Within three weeks, you’ll receive your pet’s official ancestry report back. This will be based on a comparison with the DNA of over 170 breeds – the largest database of its type on the market.
Neale Fretwell, director of research and development at Mars Veterinary which has pioneered the test, points out that knowing your dog’s background is important, because there are significant breed differences, not just in terms of appearance but behaviour as well.
“It’s not just about curiosity,” he says. “The smarter you are about your dog’s past, the smarter you can be about his future”. Neale explains that by knowing the breeds which contributed to your pet’s ancestry, so you will be able to meet its feeding, training and exercise requirements more effectively.
The test itself costs £61.29 and is available through Pet-Supermarket. Just click here, visit the site and type ‘DNA Test’ in the search box.
One cat has risen to lead one of the United Kingdom’s most colourful political parties. The Monster Raving Loony Party was set up in 1983 by a rock musician David Sutch, who was better-known to the public as Screaming Lord Sutch, and campaigned hard at various elections on policies including the abolition of income tax. Following the death of the party founder in 1999, the membership then met to vote for a successor.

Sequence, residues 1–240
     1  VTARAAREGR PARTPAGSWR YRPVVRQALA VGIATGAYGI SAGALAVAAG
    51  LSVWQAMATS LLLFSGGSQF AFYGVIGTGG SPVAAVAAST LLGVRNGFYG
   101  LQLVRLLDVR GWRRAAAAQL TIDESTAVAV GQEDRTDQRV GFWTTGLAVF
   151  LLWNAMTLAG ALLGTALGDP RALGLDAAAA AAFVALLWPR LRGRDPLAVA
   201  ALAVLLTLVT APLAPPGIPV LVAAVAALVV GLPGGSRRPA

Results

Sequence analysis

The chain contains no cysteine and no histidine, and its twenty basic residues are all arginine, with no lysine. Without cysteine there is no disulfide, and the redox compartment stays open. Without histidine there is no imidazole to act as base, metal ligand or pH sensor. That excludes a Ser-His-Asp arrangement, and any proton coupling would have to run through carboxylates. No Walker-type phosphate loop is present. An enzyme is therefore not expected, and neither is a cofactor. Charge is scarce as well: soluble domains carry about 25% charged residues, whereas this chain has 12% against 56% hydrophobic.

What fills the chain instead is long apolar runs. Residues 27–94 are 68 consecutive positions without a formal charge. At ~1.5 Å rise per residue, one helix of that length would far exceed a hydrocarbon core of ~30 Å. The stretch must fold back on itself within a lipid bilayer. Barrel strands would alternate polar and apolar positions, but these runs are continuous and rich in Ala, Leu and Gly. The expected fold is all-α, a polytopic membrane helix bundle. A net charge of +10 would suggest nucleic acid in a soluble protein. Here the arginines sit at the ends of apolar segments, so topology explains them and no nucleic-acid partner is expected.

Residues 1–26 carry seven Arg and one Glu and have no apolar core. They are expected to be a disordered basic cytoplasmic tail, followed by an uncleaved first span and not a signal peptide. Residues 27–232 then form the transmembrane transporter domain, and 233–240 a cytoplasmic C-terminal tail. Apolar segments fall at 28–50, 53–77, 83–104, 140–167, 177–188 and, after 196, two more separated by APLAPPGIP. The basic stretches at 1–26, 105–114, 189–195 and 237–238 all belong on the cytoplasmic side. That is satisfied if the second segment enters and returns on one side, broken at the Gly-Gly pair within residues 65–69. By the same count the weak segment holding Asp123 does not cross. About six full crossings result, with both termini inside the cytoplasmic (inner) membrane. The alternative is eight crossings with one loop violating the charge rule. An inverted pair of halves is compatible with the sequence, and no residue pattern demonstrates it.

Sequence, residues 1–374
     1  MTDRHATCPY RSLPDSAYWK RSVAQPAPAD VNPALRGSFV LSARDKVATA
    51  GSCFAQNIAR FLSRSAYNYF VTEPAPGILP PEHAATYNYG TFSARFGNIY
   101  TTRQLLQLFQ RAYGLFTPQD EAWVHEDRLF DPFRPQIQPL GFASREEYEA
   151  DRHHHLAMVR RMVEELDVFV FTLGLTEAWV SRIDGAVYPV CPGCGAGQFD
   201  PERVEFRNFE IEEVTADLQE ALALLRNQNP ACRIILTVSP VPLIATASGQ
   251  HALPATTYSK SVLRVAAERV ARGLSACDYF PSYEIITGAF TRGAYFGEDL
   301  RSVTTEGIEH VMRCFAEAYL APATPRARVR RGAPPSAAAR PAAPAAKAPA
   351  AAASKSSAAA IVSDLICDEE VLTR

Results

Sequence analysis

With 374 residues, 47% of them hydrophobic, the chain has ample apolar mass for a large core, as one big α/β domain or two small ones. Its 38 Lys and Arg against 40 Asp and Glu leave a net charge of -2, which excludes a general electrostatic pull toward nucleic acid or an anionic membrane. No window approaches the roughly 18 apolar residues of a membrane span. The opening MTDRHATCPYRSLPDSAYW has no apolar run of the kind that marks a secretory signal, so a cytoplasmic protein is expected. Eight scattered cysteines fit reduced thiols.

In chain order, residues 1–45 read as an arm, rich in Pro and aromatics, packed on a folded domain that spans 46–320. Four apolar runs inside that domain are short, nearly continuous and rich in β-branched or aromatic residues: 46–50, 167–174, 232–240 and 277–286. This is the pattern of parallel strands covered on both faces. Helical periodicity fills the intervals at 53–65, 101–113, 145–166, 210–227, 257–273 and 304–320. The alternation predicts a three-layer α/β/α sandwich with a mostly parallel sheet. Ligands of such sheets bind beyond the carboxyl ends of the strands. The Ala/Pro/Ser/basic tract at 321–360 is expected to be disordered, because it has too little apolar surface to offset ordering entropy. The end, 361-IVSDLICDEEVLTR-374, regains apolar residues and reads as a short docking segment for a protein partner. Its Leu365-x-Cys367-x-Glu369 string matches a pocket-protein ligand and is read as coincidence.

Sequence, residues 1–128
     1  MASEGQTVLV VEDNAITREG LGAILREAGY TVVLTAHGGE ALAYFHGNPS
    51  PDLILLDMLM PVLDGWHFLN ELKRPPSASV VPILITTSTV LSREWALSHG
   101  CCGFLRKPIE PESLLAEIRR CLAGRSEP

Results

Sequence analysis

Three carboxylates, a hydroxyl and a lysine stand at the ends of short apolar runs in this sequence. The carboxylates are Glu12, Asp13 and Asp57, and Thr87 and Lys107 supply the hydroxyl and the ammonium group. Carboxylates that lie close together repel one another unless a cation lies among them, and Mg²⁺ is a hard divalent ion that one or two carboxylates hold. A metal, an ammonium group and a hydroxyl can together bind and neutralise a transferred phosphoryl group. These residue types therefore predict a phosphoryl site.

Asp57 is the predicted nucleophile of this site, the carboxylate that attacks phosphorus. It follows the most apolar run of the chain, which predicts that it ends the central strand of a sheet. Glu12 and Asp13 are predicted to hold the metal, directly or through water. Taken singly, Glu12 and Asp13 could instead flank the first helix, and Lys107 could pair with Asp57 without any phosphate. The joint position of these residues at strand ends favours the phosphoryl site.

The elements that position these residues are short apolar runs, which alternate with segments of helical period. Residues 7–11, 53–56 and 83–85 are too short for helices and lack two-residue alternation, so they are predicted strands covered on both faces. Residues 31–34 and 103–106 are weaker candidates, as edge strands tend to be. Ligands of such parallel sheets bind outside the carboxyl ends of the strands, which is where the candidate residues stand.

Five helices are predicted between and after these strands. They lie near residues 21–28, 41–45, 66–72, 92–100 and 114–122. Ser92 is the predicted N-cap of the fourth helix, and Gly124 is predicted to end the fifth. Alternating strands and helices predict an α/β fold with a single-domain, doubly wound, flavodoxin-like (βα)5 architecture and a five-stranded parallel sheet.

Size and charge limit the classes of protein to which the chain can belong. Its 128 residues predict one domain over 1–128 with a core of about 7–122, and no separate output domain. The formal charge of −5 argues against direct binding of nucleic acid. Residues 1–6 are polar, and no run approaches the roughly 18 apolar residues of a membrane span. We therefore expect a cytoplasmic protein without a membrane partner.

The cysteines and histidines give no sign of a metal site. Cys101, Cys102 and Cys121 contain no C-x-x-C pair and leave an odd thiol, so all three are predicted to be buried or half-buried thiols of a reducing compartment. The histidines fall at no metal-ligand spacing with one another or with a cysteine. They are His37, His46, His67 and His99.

The result was a tie between Alan “Howling Laud” Hope, who was acting leader, and his cherished pet, Cat Mandu. The cat was hailed as being responsible for producing the party’s manifesto for the general election of 2001, which consisted of a blank sheet of paper. Sadly, this new era of co-operation in British politics came to a premature end in July 2002, when Cat Mandu was killed by a car crossing the street.
But Cat Mandu lived long enough to see a lasting policy change affecting cats, arising from a proposal put forward by the Monster Raving Loony Party in 1984. Their proposal for pet passports was laughed at by all the mainstream parties at that stage. And yet these were introduced by the British government in 2001 and now cats can travel to the United Kingdom from Europe and a number of other countries without having to spend time in quarantine.
Cat Mandu is just one of cats featured in my book Famous Felines available here from the Pet Info Club shop.